After Hippolytus buried the body of St. Laurence, he came into the house and gave the communion to his servants. But before he had a chance to sit down to dinner the knights came in and arrested him and hauled him away to Decius the Emperor. Decius looked at Hippolytus and said, "So, are you some kind of magician? What have you done with the body of Laurence?" Hippolytus responded, "I'm not a magician but a Christian man; that is why I took his body away for burial." This angered Decius, who demanded that Hippolytus be stripped naked. Decius said, "So, are you ashamed of your nakedness? Now, offer sacrifice and you will live; otherwise you will perish like Laurence." Hippolytus responded, "I hope I can be as great as Laurence, whose name you pollute with your filthy mouth." So Decius had Hippolytus beaten staves and his skin scratched with iron combs. After he was tortured he was dressed in the clothes of his former occupation, a knight. Hippolytus said "I am a Knight of Jesus Christ!" This really angered Decius, who had his sent to Valerian the provost to be tortured and executed. When it was learned that all the servants of Hippolytus' house were also Christians, they were arrested and brought before Valerian. They were all ordered to do sacrifice, and Concordia, the nurse, answered on behalf of all and said "We would rather die with our Lord chastely than live sinfully." Decius was also there and he ordered that Concordia be beaten to death. Hippolytus thanked God for the witness of Concordia, and then comforted the rest of his servants. All, including Hippolytus, were lead by Valerian's men to the Tyburtine Gate, where the servants were all beheaded in front of Hippolytus. Then Hippolytus' feet were tied to the necks of two wild horses, which dragged him through the thorns and briars and rocks until he died. And the priest Justin took the bodies of Hippolytus and his servants (except for Concordia's body, which had been tossed into an outhouse) and buried them with St. Laurence. A knight named Porphyry heard that the clothes of Concordia contained gold and precious stones, and he talked a man named Irenaeus to help him take Concordia's body out of the outhouse. There were no precious stones or gold, so Porphyry ran off, but Irenaeus, being a secret Christian, talked his friend Abundinus into helping him take Concordia's body to the priest Justin for burial. When Valerian heard what they had done, he had them arrested and executed. Justin buried their bodies with the others.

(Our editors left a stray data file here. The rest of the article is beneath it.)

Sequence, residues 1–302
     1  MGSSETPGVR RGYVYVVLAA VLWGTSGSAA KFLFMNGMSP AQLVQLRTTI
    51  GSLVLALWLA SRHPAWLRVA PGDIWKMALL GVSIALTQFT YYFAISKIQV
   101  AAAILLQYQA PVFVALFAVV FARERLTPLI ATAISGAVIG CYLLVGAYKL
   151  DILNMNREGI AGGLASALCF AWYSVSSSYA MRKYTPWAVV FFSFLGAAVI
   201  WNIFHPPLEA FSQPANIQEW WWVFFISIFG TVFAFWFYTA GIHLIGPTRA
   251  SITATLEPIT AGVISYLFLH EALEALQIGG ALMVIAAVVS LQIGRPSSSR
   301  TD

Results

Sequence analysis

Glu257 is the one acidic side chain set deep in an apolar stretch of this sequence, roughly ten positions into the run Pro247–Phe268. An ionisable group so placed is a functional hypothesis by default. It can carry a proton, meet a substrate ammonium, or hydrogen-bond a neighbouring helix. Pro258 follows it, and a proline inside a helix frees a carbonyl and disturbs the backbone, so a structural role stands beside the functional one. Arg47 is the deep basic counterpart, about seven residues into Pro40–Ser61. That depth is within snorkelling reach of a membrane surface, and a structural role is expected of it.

So, Decius and Valerian got into their golden chariot and went on a tear, persecuting all the Christians they could find. But while riding around they were ravished by a devil, and Decius cried out "Oh Hippolytus, you have bound me with sharp chains and lead me away!" And Valerian cried out "Oh Laurence, you are dragging me with fiery chains!" Valerian died immediately, but Decius returned home but dropped dead three days later. When his wife, Tryphonia saw what had happened, she took her daughter Cyrilla and they both wen to the priest Justin and asked to be baptized. Immediately after her baptism, Tryphonia died, and Justin buried her with Hippolytus and the others. Forty-seven knights heard what had happened, and they and their wives came to Justin for baptism.
I guess Laurence and Hippolytus got their revenge! There is a story in the Golden Legend in which St. Hippolytus and the Blessed Virgin restore a leg which had fallen off a man named Peter, but I'll save that story for next year.
*I wish this term had originated with me, but I heard my liturgy professor, the Rev. Dr. Louis Weil use the term in a lecture oh, so many years ago.